Pearl District Real Estate Insider: Streets in the Pearl Reopen With New Direction

Portland’s neighborhood system is known for its enclaves of walkable retail areas, centered around restaurants, bars, coffee shops, and boutiques, and some of the most successful areas are popular because of the ease of access via public transportation and bike. The Pearl District, Nob Hill, Hollywood, Hawthorne, Clinton, and Belmont districts are all walkable and accessible for all Portland residents, thanks to our amazing transportation systems. One of the most popular modes of transportation for residents and visitors alike is the Portland Streetcar, launched in 2001. In the almost ten years since the opening of the Streetcar lines, ever area serviced by the Streetcar loop has boomed in popularity.

A study in 2008 found that Portland’s light rail and Streetcar system generated $3.5 billion in investments and resulted in over 10,210 housing units around the streetcar line. The boom in Portland Real Estate, economic growth, and neighborhood cohesiveness can be traced to the maximization of transit funding and ingenuity.

Several streets in Portland’s Northwest Pearl District that have been closed for almost two months for new construction of tracks for the Portland Streetcar Loop Project are being reopened today. Some of these formerly two-way streets will now be one-way streets, allowing for the new Streetcar passage and smooth commuter flow. If you’re looking for homes or condos for sale in the Pearl District real estate market, be sure to pay attention to this new traffic flow – we wouldn’t want anyone getting stuck while on a tour for new homes in the area! The good news is that these changes facilitate a 3.3 mile extension of the existing Portland streetcar system, which will eventually connect major commercial and entertainment centers on the Eastside to the existing westside Portland loop.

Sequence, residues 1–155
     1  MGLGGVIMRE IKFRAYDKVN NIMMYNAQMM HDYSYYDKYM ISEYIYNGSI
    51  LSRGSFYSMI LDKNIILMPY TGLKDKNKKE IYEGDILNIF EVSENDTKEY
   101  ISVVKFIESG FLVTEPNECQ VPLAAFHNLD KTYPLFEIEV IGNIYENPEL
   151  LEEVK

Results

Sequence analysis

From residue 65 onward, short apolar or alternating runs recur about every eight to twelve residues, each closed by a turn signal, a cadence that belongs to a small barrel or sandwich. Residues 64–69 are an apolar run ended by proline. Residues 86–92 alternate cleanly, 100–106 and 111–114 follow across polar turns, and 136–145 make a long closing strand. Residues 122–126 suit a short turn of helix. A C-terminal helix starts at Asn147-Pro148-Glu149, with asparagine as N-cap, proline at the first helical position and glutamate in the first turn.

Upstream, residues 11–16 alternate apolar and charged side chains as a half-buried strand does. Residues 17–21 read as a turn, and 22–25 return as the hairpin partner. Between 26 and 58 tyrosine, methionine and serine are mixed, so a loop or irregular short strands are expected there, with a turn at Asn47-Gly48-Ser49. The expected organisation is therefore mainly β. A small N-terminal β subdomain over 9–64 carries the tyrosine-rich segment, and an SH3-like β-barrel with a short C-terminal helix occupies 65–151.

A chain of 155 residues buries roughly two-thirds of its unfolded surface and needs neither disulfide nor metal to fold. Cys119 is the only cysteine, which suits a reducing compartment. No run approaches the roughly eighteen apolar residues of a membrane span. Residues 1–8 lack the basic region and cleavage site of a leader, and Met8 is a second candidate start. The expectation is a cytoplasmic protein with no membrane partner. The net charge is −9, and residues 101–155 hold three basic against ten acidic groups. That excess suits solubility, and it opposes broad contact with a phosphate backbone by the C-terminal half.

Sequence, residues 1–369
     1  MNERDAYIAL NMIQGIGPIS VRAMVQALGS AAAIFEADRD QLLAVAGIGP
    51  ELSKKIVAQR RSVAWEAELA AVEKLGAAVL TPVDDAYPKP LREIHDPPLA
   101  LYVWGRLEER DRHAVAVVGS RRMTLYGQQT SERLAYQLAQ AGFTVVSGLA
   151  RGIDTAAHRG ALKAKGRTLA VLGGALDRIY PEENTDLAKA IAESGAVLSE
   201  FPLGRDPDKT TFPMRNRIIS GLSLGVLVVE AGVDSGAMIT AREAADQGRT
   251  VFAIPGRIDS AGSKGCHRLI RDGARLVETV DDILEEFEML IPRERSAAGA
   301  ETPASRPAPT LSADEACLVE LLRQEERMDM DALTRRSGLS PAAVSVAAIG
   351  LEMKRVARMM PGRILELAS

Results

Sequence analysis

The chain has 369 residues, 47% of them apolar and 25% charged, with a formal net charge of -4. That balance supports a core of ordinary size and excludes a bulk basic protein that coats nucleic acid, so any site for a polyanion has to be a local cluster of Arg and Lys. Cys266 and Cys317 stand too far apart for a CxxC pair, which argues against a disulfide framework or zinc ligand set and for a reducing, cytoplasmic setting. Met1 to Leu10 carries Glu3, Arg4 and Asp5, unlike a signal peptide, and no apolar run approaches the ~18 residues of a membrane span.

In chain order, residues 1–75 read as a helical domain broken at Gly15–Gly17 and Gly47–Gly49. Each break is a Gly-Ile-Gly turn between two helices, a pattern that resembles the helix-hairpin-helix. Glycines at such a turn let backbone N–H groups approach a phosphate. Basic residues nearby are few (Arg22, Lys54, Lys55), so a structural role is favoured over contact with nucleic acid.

Traffic changes in the area include:

  • Northwest Lovejoy Street between 13th and 10th avenues is a one-way eastbound street that is closed to vehicles traveling westbound from the Broadway Bridge
  • Northwest Northrup Street between 10th and 16th avenues is a one-way westbound street
  • Northwest Marshall Street between 9th and 16th avenues is a two-way street with a new bikeway that is the preferred route for cyclists accessing the west end of the bridge.
  • Northwest Lovejoy Street between 9th and 10th avenues has multiple streetcar tracks that present obstacles to cyclists.
  • A new “Copenhagen Left” turn box on Northwest Lovejoy Street and 9th Avenue has been added for cyclists traveling westbound from the Broadway Bridge turning southbound on 9th Avenue.
  • Bicycle lanes on Northwest Lovejoy Street between 9th and 13th avenues have been removed.
  • Northwest Johnson Street between 14th and 9th avenues will have shared lane markings for cyclists installed in the near future.

Portland has proven that streetcars serve to connect communities, and also connect urban citizens to the history of their regions, as many American metropolises once featured light rail transit in their early years of development. Streetcars are also a great boon for sustainability, as residents can choose to ride the electric streetcar instead of using their cars. It’s an elegant win/win solution to a growing disconnect in American cities, bringing neighbors together, drawing in and encouraging tourism, supporting local businesses, and encouraging resource preservation. The streetcar system is one way to ensure economic stability in an area, as businesses close far less frequently when they are supported by a high-volume walking district and streetcar line. Keep an eye out for signs that signal these changes, and look for the new Streetcar service to begin running in 2012.

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